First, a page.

For the last few hours, I’ve been wincing, nodding, smiling, cringing, chortling and arguing out loud at my computer monitor, which can only mean only one thing: I’m perusing reader comments.
Three recent columns elicited some questions and plenty of disappointment: one on a new site, Hopper, that provides vast amounts of data on airfares; another on the government’s Global Entry and other services that save you time in the airport; and a third on my quest for inexpensive carry-on bags.
A selection of comments (and some answers to those questions) is below. I’ve left out the (very) few people who completely agree with me, highlighting those that raise important counterpoints, even if they think I am “ruining America.”
Global Entry and Company: Worth the Price? (April 24)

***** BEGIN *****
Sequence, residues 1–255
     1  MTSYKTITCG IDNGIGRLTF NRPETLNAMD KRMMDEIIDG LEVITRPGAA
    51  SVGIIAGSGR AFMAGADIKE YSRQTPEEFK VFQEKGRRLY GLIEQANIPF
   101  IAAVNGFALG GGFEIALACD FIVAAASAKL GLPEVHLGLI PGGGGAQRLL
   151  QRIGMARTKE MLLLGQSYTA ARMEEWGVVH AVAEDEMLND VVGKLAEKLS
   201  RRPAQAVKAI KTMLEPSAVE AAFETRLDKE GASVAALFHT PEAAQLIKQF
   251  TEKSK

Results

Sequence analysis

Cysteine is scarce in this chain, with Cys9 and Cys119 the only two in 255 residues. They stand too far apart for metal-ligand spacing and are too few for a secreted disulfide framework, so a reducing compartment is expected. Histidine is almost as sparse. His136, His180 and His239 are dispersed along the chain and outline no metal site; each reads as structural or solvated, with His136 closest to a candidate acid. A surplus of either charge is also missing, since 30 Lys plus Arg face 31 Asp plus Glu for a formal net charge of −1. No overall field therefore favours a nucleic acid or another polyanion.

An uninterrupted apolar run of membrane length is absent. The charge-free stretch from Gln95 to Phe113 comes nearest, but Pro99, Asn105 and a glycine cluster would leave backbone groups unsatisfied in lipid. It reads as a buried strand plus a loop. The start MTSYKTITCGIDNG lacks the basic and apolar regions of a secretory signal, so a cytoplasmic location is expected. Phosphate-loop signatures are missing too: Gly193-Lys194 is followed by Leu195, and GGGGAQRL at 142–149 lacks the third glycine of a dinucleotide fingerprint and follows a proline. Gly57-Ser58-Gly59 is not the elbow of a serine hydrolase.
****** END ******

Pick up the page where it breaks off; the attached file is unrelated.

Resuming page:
My article on the Global Entry program, which allows users to skip immigration lines and (often) qualifies them for shorter T.S.A. PreCheck lines at check in, concluded that for many travelers, the $100 fee might not be worth it.
Readers seemed in agreement … with one another … that I was wrong. They told almost universally positive tales of time saved. Here’s one from Frank S of Palo Alto, Calif., whose comment I selected from the bunch only because he addressed me as “Dude”:
“Dude, I travel nearly every week, most of the time internationally. I never check bags. Global Entry and T.S.A. Pre have never failed to work well. Travel would be a lot more painful without them.”
Not a single person sympathized with my sob story about having Global Entry revoked and not getting a peep from the government as to why. At least Elaine in Charlotte, N.C., agreed with me on the program’s poor customer service: “Any idea how to get a duplicate Global Entry card sent to me? It has been two months since I was approved and no card. Getting a hold of the Global Entry office is impossible.”
Good news for her: No card is required unless you are crossing by land from Canada or Mexico. Your fingerprints are all you need.
Crunching the Numbers to Find the Best Airfare (May 4)